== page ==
Mainly as long as most WX events occur within 1 standard deviation and the median over the years has changed so little, the chance any one activity may be responsible may be small or an even chance it was not responsible (50/50). However, where an extreme event exceeds a prior maximum range value it suggests that the maximum possible influence of human activity could be equal to the amount the range has been exceeded. When you have no less then 10 official degrees of freedom which can drive the possible extreme it is likely that human activities can be the sole source; but, as to whch activity is primarily responsible it is very hard to say.)
However, as to the influence in the extreme it can be said with a high degree of certanity that human activity could have responsibility for the extreme measured for the time period the value has been measured. Meaning, the possibility that fossil fuel emissions are responsible for the Moscow Heatwave is little more then 10%. But, the probahility that the Moscow heatwave occurred due to human activity is likely greater then 97%. If we can ever get to the point that we can measure the amount of influence human activity alone has on extremes, it s very likely that the science defining the influence of the 10 possible degrees will be fairly accurate.
For instance if you wanted to suggest the potential human influence in the conditions that caused the Moscow Heatwave. You could take note of all the values whch exceeded 1 standard devation based on the annual median value for say the last 130 years. If you graph those values you will get a near step up pattern with a period near to 60 years. If you remove the trend and then instead simply create a dot plot where the center point is the median value of the range and the dot is the degrees above the median for each observation, you should get a nice one sided bell curve. The end result is the outliers are the extremes of the extreme highs, the amount of dots containing up to 67% of the data points are your normal variation, the values between 67-97% of your dots are those events likely driven by multiple influences, you will be able to tell because there will be some values showing a bunching or multiple peaks within the tail. Then at the end you will have few and scattered values these values are likely human driven. They will not bunch up as the influences will rarely be a repeat these represent a combination of natural variation and human activity. If you remove the value for the natural influences these values will likely point to how much humans add to natural varibility.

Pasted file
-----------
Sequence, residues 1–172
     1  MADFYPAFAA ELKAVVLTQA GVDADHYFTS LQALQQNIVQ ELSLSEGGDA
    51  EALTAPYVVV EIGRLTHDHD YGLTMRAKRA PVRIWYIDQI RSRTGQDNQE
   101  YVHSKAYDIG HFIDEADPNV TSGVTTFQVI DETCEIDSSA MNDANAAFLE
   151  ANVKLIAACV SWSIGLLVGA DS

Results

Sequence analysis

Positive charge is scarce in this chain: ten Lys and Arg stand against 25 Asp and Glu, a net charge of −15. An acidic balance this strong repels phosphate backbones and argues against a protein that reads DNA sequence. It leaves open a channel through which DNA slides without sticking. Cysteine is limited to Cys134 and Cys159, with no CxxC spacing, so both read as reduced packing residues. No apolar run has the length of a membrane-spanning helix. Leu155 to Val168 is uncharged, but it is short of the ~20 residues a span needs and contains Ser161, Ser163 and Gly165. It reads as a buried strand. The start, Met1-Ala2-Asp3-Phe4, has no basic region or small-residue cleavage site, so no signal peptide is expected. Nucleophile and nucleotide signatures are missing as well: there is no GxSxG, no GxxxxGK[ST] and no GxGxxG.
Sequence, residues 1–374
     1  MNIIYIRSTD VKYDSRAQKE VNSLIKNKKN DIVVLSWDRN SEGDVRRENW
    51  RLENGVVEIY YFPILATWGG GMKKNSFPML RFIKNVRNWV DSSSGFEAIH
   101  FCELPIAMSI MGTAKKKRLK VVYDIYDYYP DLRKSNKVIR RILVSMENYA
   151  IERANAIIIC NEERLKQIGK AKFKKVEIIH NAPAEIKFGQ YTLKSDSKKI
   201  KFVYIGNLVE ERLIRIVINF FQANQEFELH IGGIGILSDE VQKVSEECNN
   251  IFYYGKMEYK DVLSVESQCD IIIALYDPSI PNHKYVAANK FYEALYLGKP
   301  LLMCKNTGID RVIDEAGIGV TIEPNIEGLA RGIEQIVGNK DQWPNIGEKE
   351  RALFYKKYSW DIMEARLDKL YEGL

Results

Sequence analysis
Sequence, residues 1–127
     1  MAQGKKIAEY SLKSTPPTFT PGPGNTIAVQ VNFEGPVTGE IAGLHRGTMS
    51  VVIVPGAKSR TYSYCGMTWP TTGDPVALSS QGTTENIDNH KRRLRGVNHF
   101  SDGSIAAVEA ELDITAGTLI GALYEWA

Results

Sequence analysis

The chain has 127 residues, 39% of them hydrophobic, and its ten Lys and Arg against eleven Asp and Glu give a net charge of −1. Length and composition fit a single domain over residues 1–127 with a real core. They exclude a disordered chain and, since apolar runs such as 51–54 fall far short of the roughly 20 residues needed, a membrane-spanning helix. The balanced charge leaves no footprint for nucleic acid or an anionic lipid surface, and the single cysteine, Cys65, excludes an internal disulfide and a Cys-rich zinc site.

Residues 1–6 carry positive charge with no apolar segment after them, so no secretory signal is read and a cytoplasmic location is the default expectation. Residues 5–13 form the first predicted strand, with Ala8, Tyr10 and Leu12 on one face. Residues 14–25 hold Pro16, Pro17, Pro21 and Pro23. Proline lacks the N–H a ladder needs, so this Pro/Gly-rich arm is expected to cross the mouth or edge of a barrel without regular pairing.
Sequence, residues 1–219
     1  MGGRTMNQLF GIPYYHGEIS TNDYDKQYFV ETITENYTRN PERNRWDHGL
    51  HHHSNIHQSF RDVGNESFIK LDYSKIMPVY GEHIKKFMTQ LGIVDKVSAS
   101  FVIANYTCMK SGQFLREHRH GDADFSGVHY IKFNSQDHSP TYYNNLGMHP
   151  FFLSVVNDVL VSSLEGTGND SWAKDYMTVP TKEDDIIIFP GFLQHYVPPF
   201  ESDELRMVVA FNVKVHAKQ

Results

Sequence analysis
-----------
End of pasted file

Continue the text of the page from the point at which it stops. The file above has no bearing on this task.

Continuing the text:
If you wish you could probably apply the IPCCs 10 degrees of freedom values and confirm that the value that would result matches up with the local or regional trend in the average temperature. (IE: If you remove the trend and variation from the Moscow temperature extreme we see a balance of nearly 3 deg C. If we apply the AR4 percentages roughly 30% of the estimated value or 0.9degC can be attributed to fossil fuel emissions. This comes dramatically close to the estimated value of 0.85C trended average increase suggested for this region.)
Ifwe had come to this conclusion independent of any knowledge of the best science had to offer it could be believable. What worries me is when we already have scientific knowledge how much does this influence our results or modeling constructs? That there is an underlying 1 degC rise through out the record that cannot be explained I find concerning, it is not rebound based, nor can it be attributed to emergence from the ice age. I know it is not a UHI factor because it is too high. It is not fossil fuels as emissions did not achieve critical levels until nearly 60 years after the record started.
Posted 18 November 2011 - 21:40